A&S in the News: May 22-28, 2022

Primary Election

Election 2022: Tuesday’s Alabama primary could lead to a first of its kind in more than 40 years: Al.com – May 22

…“Alabama will likely be overshadowed by Georgia next week, in part because Georgia is seen as competitive and Alabama is not, and in part because races with direct Trump involvement seem to be drawing more national media attention as they are all seen as direct tests of the power of his endorsement,” said Regina Warner, an assistant professor of political sciences at The University of Alabama.
Al.com – May 25

Political Power

Will Alabama voters tank their own shot at political power? Slate – May 23

…As if her career credentials weren’t enough, Britt is even married to a former Alabama football captain, a fact she highlights in campaign ads. (“People in Alabama know the names of some fairly obscure players,” said Stephen Borrelli, professor emeritus of political science at The University of Alabama. “For some 15 or 20 percent of voters, I think that really matters.”)


‘More than folding paper’: A look at origami: Tuscaloosa Patch – May 25

UA’s Division of Diversity, Equity and Inclusion offers an in-depth look at immigration history and cultural impact along with educational resources and more.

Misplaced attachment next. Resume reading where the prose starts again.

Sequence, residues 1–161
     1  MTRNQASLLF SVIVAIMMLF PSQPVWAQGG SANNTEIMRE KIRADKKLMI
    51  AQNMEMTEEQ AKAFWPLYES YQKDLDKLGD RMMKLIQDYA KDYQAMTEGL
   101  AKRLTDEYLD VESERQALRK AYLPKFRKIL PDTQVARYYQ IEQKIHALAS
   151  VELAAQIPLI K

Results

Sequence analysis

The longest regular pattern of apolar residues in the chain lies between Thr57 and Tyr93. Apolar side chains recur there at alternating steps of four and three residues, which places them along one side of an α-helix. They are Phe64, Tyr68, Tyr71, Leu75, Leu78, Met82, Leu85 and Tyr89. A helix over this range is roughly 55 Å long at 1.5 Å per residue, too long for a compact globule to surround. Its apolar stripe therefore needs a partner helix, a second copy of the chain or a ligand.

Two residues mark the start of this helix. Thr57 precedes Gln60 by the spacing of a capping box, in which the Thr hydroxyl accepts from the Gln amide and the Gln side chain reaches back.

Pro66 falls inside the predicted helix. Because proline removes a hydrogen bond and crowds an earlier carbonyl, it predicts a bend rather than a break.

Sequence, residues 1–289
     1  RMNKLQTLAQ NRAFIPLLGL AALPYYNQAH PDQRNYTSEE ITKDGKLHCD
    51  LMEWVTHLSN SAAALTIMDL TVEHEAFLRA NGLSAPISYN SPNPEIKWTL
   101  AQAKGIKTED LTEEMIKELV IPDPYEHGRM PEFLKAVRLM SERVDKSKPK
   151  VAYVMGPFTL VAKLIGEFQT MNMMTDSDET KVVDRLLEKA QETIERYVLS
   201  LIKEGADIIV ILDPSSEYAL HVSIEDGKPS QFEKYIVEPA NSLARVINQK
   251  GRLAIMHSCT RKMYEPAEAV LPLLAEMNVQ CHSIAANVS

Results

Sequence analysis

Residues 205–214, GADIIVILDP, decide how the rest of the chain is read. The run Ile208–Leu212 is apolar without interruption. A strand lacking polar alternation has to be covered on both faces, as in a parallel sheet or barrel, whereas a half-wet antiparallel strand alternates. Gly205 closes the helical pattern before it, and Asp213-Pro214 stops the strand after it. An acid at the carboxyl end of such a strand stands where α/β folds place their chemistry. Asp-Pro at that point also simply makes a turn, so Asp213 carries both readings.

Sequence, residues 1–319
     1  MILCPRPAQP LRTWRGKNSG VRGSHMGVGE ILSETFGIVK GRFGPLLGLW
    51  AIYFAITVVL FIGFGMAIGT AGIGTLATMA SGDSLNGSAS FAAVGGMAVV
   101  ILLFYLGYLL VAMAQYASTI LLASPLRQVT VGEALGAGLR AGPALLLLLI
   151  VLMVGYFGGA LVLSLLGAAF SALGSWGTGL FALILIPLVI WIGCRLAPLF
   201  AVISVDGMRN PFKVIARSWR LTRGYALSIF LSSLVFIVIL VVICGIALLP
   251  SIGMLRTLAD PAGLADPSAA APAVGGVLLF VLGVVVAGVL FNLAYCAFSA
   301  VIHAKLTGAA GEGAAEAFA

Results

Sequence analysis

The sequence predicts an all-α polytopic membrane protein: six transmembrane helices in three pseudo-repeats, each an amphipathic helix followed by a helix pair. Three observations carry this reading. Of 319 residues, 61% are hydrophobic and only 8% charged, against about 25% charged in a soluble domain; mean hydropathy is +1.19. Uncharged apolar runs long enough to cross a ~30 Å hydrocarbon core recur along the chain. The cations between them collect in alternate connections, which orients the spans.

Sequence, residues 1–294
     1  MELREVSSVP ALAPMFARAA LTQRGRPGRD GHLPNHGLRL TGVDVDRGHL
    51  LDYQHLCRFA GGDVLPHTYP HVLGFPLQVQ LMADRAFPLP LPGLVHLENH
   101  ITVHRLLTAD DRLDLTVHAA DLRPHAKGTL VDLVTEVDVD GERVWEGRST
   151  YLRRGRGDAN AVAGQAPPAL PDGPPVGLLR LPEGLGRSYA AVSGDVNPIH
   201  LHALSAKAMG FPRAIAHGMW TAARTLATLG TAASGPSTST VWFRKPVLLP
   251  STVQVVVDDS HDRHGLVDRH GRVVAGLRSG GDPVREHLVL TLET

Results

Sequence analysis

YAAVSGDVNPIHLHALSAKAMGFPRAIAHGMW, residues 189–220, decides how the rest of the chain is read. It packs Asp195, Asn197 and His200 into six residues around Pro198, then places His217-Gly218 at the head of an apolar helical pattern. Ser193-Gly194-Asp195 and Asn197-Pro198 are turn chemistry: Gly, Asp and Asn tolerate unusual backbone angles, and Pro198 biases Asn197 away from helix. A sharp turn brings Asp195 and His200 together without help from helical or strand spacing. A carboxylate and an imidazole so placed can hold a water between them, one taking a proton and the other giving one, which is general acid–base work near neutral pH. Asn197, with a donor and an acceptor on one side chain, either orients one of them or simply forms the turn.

Upcoming Events

Tusk Calendar: Who’s playing and what’s happening: Tuscaloosa News – May 25

In case of rain, shows will move indoors to the Allen Bales Theatre, Rowand-Johnson Hall on The University of Alabama campus.

Flow Tuscaloosa

Flow Tuscaloosa lantern parade a glowing success: Tuscaloosa Patch – May 25

Flow Tuscaloosa’s lantern parade lit up the Riverwalk, bringing people together to appreciate our water resources in a new way.

Gun Control

Texas school massacre latest ‘everyday horror’ in U.S. that would be unthinkable abroad: NBC News – May 25

… Despite having 4 percent of the world’s population, the U.S. made up 31 percent of all public mass shootings globally between 1966 and 2012, according to a 2015 study by Adam Lankford, a professor of criminal justice at the University of Alabama. When he speaks with academics abroad, they all ask him a similar question about the U.S.: “This is such an obviously terrible and tragic problem and seems to have an obvious solution — why can’t they figure this out?” Lankford told NBC News by phone Wednesday. “Lack of political will? Or do Americans love their guns so much they are willing to let children die rather than give them up?”
Daily Magazine
The US Express News
Yahoo! News
USA Today
USA News Hub
…and many more